A successful attempt to improve the fairness and accuracy of Israel coverage might have to imitate the qualities of "Winners & Sinners," using professional rather than personal critiques, playing to the credos of journalism and the scrutiny of one's peers and colleagues rather than those of the watchdog groups far removed from the media meritocracy.

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1. "Arafat Urges Palestinians to Remain Steadfast in Al-Nakbah Day Speech," Palestinian Satellite Channel TV (May 15, 2001), translated by the British Broadcasting Corporation, BBC Worldwide Monitoring. Compare with "Excerpts from Arafat's Al-Naqba Speech," Associated Press (May 15, 2001), International News.

2. Ibid.

3. John Lancaster, "Israeli Leader Follows Earlier Meeting with Arafat, But No Progress is Made on Ending Violence," Washington Post (November 13, 2000), p. A2. Donna Abu-Nasr, "Ninth Islamic Summit Opens with Strong Words of Support for Palestinians," Associated Press (November 12, 2000), International News.

4. From "The New York Times: Guidelines on Our Integrity," May 1999.

5. Deborah Sontag, "Arafat Calls for Cease-Fire, Deploring Tel Aviv Attack," New York Times (June 3, 2001), p. A1. Lee Hockstader, "Arafat Calls for End to Bloodshed; Palestinian Leader Denounces Suicide Bombing in Tel Aviv," Washington Post (June 3, 2001), p. A1.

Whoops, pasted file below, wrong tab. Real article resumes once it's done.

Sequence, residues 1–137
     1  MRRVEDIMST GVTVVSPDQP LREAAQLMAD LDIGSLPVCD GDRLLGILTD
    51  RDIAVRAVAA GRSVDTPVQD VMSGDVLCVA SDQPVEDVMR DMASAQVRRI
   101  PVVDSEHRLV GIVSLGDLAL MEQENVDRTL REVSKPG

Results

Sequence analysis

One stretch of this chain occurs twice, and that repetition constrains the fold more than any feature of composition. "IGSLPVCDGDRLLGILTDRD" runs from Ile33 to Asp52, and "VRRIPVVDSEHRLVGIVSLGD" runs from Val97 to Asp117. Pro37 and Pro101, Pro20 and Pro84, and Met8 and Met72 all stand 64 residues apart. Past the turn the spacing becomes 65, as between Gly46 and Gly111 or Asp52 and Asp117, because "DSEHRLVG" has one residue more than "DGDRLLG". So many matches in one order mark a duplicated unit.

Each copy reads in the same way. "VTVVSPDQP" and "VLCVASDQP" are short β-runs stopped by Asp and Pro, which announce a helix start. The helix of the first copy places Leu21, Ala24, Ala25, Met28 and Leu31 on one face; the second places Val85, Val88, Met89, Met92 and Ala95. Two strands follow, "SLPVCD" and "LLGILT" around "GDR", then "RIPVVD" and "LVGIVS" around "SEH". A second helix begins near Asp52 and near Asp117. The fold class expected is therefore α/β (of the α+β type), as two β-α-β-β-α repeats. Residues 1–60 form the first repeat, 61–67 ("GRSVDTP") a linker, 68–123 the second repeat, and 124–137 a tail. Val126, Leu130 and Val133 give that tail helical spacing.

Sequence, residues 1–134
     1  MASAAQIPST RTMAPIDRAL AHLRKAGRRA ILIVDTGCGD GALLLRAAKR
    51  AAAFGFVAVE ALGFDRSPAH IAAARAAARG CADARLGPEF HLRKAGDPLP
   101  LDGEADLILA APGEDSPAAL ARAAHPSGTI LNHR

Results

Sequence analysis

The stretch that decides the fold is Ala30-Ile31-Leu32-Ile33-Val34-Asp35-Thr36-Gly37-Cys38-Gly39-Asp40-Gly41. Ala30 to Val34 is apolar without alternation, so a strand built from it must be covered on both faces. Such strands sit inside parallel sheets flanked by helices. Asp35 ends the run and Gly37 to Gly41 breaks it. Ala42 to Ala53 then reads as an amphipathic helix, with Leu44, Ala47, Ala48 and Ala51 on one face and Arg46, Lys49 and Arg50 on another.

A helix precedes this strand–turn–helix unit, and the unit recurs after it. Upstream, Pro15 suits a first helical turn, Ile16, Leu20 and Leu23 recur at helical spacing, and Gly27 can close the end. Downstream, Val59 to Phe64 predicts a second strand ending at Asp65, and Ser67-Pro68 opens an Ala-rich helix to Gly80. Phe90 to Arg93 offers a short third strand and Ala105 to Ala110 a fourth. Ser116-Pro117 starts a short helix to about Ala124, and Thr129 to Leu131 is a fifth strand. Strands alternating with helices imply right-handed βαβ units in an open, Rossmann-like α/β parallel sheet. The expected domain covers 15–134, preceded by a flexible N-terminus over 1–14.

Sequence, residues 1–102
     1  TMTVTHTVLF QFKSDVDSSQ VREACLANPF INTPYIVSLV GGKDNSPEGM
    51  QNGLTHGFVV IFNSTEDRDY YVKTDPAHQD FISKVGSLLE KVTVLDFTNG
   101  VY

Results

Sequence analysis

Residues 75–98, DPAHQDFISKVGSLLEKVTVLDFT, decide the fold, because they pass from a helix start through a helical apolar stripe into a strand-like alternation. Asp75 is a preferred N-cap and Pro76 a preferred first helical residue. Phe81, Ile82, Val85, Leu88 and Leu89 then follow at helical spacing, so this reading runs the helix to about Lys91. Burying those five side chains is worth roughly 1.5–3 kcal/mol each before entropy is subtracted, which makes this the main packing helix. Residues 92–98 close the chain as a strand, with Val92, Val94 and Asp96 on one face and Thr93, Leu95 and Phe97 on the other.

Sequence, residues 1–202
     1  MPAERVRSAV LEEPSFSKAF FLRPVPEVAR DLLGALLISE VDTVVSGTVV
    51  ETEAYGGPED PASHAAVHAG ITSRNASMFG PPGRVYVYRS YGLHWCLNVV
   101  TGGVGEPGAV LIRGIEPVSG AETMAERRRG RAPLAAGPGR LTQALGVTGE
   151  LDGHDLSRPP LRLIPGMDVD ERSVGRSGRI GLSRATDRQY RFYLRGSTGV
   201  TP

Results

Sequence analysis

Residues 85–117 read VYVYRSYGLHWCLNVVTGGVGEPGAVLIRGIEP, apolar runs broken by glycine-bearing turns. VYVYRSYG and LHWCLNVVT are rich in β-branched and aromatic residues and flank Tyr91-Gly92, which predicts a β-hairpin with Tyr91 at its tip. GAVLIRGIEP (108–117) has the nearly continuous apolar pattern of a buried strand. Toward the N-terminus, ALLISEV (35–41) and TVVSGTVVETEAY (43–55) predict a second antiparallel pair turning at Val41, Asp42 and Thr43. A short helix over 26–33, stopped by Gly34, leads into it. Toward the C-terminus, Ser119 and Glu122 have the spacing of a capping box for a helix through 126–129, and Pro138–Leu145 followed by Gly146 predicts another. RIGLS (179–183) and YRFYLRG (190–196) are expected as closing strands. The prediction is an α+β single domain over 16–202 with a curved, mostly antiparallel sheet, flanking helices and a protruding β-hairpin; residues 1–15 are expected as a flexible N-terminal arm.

6. "Arafat Ready for 'Immediate,' 'Unconditional' Cease-fire," BBC Monitoring Middle East -- Political (June 2, 2001), source cited as Voice of Palestine (radio), Ramallah, in Arabic, June 2, 2001.

7. "Syrian Minister Hails Israeli Withdrawal from Lebanon," Associated Press (April 8, 2000), International News.

8. William A. Orme, "Peace Negotiators Meet in Egypt as Israeli Election Nears," New York Times (January 22, 2001), p. A6.

9. "Arafat Urges Palestinians to Remain Steadfast in Al-Nakbah Day Speech," op. cit.

10. Greg Myre, "Palestinians Mark Anniversary; Four Killed, More than 200 Injured," Associated Press (May 15, 2001), International News.

11. Ibid.

12. Keith B. Richburg, "Arafat Turns to Militants in Uprising; Freed Extremists Become Part of Palestinian 'Resistance,'" Washington Post (October 25, 2000), p. A1.

13. Lee Hockstader, "Palestinians Find Heroes in Hamas; Popularity Surges for Once-Marginal Sponsor of Suicide Bombings," Washington Post (August 10, 2001).

14. "Hamas Leaders Vow to Press Fight Against Israel," Washington Post, Briefs (December 27, 1999), p. A16.

15. Deborah Sontag, "A Palestinian Champion of Living in Peace is Dead," New York Times (June 1, 2001), p. A6. Karin Laub, "Faisal Husseini, Palestinian Champion of Coexistence, Dead at 60," Associated Press (May 31, 2001), International News.

16. Al-Arabi (Egypt), June 24, 2001. Translated by the Middle East Media and Research Institute (MEMRI), Special Dispatch No. 236 -- PA, July 2, 2001.

17. Al Rai (Amman), November 12, 1992. As cited in Benjamin Netanyahu, A Place Among the Nations (New York: Bantam Books, 1993), p. 102.

18. Lee Hockstader, "Israel Declares 'Timeout'; Peace Effort on Hold; Coalition May Realign," Washington Post (October 23, 2000), p. A1.

19. Lee Hockstader, "Israeli Helicopters Hit Key Palestinian Offices," Washington Post (October 31, 2000), p. A1.

20. Lee Hockstader, "Turning Idealism Into Doubt; Continued Violence Strains Israeli Peace Movement," Washington Post (October 10, 2000), p. A1.